What is the Brand New Q-Series Coming in 2018?

One of the biggest changes coming to the LPGA in 2018 is the revamping of the LPGA Qualifying Tournament, the process whereby players from the United States and all over the world compete to earn membership onto the LPGA. This year, a record 361 players started Stage I in California.

It’s currently a three-step process where non-members generally start at Stage I in California. This year, exactly 90 players advanced from Stage I to Stage II, which takes place in Venice, Florida. The top 80 and ties advance from Stage II to Final Stage, where the top 20 earn what is considered “full” LPGA membership while finishers 21 through 45 earn “partial” or “conditional” LPGA membership.

What’s Staying the Same?

Stage I and Stage II of LPGA Qualifying Tournament are not going anywhere. Recent college graduates, those testing the waters early and the influx of players around the world hoping to reach the LPGA will still have to grind through the five-round gauntlet that is Stage I, which some consider the hardest because of the pressure and the 115–degree summer temps in the dessert.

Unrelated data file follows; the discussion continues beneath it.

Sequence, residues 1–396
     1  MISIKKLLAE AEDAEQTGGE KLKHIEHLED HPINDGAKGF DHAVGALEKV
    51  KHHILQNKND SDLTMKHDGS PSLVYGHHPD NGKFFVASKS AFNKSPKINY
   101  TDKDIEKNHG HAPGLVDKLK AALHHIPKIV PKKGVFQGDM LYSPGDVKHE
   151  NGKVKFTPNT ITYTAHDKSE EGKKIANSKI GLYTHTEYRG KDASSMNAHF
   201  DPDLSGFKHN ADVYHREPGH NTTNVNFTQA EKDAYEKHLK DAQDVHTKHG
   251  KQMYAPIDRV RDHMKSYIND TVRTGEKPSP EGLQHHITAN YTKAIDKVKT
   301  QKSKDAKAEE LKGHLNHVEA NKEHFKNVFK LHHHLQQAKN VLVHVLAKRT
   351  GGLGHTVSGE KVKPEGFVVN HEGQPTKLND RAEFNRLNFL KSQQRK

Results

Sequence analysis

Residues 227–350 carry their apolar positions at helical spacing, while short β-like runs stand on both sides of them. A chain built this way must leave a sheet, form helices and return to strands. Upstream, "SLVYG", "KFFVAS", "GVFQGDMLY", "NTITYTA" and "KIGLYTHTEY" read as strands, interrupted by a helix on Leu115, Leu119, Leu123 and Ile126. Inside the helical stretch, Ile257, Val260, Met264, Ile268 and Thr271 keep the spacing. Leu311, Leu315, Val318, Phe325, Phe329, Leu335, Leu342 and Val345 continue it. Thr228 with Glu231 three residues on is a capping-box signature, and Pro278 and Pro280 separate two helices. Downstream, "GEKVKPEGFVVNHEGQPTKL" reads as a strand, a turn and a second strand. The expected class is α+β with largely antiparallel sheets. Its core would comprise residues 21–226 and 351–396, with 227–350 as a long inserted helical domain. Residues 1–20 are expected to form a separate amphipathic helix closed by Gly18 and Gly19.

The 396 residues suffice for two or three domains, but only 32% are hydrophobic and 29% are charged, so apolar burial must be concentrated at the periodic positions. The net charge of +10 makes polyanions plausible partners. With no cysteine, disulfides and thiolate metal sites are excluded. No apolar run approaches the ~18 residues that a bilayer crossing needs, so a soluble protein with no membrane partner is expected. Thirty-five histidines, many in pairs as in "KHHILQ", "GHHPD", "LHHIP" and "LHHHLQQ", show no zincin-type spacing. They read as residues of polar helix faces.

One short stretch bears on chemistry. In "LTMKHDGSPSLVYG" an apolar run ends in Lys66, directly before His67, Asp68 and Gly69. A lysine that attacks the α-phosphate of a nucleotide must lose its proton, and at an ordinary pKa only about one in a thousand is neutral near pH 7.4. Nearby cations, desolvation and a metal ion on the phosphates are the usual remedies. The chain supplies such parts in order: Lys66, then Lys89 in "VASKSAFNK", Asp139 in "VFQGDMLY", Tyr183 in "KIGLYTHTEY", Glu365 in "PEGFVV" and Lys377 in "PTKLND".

What’s Changing?

Instead of Stage II feeding into Final Stage, it will feed into the Symetra Tour, for the most part. There will be some exceptions where top finishers at Stage II will qualify for the Q-Series.

Final Stage in Daytona Beach will be replaced by this new concept called the Q-Series, which will take place in October. It will be two, four-day tournaments on two separate golf courses in the same market and scores will be cumulative over the eight rounds of competition.

Who Qualifies for the Q-Series?

The major goal of the Q-Series is to identify the most LPGA-ready talent. In the past, Final Stage was at one golf club, played over five rounds. Someone could have a bad week or catch the flu or experience the yips on the greens. It’s a roll of the dice. One tournament over five rounds doesn’t adequately provide the best glimpse at who should be on the LPGA.